The lender has extended its cap on new build mortgages available through Halifax from 80% to 85% LTV on all new build house and flat purchases.
Lloyds Banking Group has revamped its lending policy on new build properties to provide greater choice for homebuyers and advisers.
The lender has extended its cap on new build mortgages available through Halifax from 80% to 85% LTV on all new build house and flat purchases, as well as increasing the maximum LTV available for those buying through a Shared Ownership scheme.
A managed panel of builders and brokers will remain for borrowers who wish to apply for a standard 85-95% mortgage.
Customers buying a new house or flat with a Registered Provider or Housing Association through a Shared Ownership scheme are now able to apply for up to 90% LTV (previously 80%).
Douglas Cochrane, head of housing development, Lloyds Banking Group, said: “The new build sector continues to be central to the success of the UK housing market, and helping to provide greater choice and access to mortgage products is fundamental to supporting its longevity.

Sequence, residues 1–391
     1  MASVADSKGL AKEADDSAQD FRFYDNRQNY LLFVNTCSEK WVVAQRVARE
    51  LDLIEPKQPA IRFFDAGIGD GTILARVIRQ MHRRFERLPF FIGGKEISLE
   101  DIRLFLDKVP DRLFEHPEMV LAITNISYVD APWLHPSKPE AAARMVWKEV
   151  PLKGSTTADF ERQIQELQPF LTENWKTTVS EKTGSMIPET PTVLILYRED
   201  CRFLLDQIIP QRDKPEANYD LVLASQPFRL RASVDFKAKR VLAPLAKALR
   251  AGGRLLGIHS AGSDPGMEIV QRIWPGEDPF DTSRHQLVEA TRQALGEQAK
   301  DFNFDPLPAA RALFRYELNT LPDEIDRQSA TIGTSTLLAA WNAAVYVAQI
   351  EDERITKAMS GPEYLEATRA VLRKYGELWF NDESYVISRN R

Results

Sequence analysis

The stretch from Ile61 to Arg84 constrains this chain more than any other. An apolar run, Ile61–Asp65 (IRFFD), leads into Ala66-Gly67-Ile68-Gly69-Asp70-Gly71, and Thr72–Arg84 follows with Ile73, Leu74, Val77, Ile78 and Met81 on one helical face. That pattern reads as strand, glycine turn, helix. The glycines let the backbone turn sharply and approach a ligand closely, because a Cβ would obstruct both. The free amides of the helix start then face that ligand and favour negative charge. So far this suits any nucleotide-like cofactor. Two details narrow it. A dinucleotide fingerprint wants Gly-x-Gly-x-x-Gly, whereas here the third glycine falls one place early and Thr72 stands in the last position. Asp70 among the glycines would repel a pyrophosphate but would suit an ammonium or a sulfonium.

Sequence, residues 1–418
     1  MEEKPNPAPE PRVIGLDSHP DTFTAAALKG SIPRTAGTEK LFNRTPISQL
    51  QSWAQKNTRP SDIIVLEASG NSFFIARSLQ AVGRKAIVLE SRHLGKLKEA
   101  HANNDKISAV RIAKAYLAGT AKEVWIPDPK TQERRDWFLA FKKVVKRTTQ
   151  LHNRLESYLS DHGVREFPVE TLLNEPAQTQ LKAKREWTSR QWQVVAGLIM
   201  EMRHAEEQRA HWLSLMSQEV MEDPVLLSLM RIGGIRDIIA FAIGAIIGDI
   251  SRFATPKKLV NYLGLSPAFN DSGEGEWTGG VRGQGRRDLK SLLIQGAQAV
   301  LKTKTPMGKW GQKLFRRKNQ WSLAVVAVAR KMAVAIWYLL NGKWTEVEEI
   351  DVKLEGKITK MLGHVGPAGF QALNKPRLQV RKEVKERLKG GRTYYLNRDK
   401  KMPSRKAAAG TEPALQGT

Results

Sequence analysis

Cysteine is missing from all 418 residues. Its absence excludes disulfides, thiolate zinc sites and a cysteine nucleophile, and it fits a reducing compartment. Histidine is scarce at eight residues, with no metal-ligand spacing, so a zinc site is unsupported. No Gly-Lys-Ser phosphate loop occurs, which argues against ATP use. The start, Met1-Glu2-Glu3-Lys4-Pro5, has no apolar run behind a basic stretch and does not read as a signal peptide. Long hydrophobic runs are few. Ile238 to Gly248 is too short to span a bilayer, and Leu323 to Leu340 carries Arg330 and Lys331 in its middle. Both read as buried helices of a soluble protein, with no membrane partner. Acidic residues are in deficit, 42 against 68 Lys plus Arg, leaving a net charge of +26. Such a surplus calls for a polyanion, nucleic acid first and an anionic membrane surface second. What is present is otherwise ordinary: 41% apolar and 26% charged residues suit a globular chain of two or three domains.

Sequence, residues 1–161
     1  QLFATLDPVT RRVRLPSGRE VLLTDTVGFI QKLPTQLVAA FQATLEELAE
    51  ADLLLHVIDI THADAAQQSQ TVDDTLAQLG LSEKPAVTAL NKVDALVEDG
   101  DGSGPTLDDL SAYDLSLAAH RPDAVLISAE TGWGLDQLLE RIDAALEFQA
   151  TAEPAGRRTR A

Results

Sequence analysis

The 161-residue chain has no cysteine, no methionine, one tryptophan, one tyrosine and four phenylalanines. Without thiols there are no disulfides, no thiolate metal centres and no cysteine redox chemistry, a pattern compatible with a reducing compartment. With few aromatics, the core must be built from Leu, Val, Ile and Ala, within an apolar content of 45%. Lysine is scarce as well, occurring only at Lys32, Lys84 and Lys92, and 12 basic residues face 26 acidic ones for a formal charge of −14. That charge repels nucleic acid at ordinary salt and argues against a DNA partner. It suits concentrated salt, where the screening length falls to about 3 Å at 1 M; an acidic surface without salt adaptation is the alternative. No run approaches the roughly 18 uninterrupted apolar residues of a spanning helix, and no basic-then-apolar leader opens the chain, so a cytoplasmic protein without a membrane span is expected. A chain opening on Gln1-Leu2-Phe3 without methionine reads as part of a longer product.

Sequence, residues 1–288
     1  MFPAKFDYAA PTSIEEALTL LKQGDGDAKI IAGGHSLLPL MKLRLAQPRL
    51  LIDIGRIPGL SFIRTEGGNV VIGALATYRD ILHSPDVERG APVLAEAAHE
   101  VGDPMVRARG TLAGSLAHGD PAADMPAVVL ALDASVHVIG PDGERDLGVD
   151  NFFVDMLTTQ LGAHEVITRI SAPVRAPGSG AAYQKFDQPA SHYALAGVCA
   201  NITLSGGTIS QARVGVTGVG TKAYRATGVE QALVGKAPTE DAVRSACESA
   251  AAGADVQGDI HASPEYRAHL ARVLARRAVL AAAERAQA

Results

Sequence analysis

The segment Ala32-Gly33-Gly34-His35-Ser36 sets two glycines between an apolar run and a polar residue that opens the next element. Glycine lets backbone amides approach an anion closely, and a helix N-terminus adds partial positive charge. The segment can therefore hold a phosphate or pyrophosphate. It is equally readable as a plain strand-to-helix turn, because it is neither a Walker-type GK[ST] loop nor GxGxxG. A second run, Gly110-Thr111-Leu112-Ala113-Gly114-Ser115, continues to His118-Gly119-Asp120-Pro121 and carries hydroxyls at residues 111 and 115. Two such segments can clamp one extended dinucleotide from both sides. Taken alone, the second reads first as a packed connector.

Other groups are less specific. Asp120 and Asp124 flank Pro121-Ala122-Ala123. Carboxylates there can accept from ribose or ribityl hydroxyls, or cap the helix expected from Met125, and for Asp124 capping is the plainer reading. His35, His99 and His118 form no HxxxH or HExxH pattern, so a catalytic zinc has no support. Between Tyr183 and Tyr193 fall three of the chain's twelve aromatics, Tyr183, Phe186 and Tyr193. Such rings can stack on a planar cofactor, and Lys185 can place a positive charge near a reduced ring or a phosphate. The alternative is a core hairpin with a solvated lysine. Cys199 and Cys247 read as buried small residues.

“Through Lloyds Banking Group's Helping Britain Prosper plan we have committed to lending £10bn to first-time buyers this year, and the changes to our Shared Ownership lending policy will help us support this goal
“Providing a broader range of options will help brokers meet more of their customers' needs, and together with market-leading policy and product support, helps underline the added value of our specialist housing development team.”
Craig Hall, new build manager, Legal & General Mortgage Club, added: “These changes announced today by Lloyds Banking Group are a great boost to the new build lending market and welcome news for borrowers. Improvements like this are key to the growth of the sector and also shine the spotlight on Shared Ownership as a realistic alternative option for first-time buyers.
“A greater number of lenders willing to lend on Shared Ownership properties adds to the legitimacy of the tenure, and will help to increase the take up, meaning more first-time buyers are able to get on the property ladder in the long-run.”